MAF acts swiftly against moth catch in Mount Eden
Tuesday 20 January, 2004
MAF acts swiftly against new painted apple moth catch in Mount Eden
A lone painted apple moth was trapped in Mount Eden on 16 January 2004, General Manager of the Painted Apple Moth Programme Robert Isbister said today.
“This latest catch is disappointing, given that it is now 36 weeks since the last wild moth was trapped in Ranui.”
“But our scientific and technical experts predicted that there would be some random finds during the programme, so in light of this advice this latest trap catch is no surprise.
“MAF will be acting swiftly against this and any other new finds to maintain the steady progress towards eradication. We have intensified the trapping grid by adding an extra 64 traps around the area of this new find. We will monitor the traps twice weekly to determine whether this catch is due to a moth population having established in this area or whether it is just a vagrant moth from somewhere within the current painted apple moth zone. If we find a population in the Mt Eden area, we will then assess the most effective treatment option. We cannot rule out the possibility of aerial operations.”
Overall trap catch numbers have continued to drop significantly compared with the same time last year. During the last three months of 2002 a total of 114 moths were caught – 27 in October, 55 in November and 32 in December. The Mt Eden moth is the first trap catch since May 2003.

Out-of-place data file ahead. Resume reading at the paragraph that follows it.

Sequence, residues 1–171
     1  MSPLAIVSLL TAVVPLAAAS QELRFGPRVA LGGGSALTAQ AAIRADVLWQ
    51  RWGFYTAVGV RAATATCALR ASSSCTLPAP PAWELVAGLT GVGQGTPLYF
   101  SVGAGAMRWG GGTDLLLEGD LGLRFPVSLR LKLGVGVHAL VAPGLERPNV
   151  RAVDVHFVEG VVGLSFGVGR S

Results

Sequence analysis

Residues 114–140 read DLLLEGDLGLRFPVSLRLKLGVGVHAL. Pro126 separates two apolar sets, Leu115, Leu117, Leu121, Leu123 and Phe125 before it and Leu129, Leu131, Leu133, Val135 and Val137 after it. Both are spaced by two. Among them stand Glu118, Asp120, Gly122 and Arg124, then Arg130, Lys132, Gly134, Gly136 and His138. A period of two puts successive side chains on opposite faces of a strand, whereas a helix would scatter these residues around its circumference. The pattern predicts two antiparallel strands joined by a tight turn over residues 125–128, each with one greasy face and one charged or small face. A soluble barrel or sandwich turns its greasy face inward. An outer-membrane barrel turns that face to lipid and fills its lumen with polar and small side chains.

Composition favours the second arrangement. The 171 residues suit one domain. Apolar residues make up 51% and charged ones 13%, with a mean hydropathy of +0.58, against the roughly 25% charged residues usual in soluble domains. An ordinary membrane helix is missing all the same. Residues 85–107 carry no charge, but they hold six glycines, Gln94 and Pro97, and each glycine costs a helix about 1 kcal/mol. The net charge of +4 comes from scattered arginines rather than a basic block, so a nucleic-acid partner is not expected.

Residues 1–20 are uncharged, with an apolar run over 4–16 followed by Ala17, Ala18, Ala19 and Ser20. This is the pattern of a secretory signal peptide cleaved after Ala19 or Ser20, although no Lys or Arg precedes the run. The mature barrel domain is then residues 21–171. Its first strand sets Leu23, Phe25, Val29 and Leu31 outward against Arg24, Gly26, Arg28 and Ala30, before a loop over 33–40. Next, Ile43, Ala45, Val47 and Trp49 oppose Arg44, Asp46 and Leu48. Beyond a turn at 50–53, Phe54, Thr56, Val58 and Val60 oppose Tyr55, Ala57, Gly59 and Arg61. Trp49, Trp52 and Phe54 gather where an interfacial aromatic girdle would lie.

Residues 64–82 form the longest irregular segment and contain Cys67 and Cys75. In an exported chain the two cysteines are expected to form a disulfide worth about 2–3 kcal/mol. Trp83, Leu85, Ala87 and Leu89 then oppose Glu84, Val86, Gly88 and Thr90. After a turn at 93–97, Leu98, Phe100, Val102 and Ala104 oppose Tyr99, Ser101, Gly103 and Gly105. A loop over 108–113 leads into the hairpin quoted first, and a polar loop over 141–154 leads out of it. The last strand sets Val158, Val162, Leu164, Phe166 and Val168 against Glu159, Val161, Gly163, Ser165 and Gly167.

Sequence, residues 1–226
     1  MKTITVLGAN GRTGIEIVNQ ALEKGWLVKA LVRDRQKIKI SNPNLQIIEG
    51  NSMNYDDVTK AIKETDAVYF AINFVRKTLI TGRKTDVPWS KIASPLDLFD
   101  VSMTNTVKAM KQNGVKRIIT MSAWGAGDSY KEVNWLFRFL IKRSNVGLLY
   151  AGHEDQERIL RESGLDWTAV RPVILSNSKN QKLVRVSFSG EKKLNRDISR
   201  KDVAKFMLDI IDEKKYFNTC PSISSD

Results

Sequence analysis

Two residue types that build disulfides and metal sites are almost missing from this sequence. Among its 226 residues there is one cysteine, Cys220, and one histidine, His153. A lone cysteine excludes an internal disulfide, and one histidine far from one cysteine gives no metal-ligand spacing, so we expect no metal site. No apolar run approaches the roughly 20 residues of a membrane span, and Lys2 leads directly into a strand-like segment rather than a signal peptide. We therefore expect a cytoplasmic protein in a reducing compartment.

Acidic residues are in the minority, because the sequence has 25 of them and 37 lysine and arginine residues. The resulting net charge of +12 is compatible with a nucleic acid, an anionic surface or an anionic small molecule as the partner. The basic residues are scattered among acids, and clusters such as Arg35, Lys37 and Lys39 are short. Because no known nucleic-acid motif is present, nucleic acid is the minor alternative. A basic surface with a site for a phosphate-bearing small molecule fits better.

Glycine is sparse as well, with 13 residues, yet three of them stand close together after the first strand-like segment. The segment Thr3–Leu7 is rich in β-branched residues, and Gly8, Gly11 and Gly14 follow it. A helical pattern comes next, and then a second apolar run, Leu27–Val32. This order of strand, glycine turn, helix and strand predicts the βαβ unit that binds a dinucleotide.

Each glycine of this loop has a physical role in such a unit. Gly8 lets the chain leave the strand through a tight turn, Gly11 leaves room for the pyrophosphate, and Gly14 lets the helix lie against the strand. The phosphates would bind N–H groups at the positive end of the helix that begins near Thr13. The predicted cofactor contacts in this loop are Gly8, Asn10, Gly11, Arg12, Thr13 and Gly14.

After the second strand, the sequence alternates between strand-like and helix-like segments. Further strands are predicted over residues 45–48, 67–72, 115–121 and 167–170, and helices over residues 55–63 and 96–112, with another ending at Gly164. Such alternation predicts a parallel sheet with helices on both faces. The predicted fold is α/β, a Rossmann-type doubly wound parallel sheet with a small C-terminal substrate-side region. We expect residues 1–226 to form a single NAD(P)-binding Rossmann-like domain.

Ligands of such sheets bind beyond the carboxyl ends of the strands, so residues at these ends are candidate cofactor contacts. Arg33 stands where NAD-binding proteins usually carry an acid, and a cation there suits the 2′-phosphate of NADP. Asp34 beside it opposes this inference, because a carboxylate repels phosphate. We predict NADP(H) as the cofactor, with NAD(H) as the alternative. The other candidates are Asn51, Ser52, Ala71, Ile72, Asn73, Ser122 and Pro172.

MAF’s scientific advisory group – a team of New Zealand specialists and international experts – will meet in February for an overall review of the painted apple moth programme and to make recommendations for the future direction of the eradication programme.
At least two years of zero trap catches are required to declare an area free of painted apple moth.
MAF acts swiftly against new
painted apple moth catch in Mount Eden
Tuesday 20 January, 2004
Where was the painted apple moth found? The wild male painted apple moth was found during a routine service check of a monitoring trap located near the railroad corridor in Mt Eden, Central Auckland.
When was it found?
The wild male painted
apple moth was collected during a routine servicing of a
monitoring trap on Friday 16 January 2004. The specimen was
positively identified as a wild male painted apple moth on
Monday 19 January 2004.
Was it a wild painted apple moth?
The painted apple moth that was trapped has been confirmed as a wild male. Sterile male moths that are released as part of a control programme are coloured with iridescent dyes to enable them to be distinguished from wild moths.
How long has it been since a wild painted apple moth was trapped?
The last wild painted apple moth was
last trapped on 5 May 2003, in Ranui
Where did the moth found in Mt Eden come from?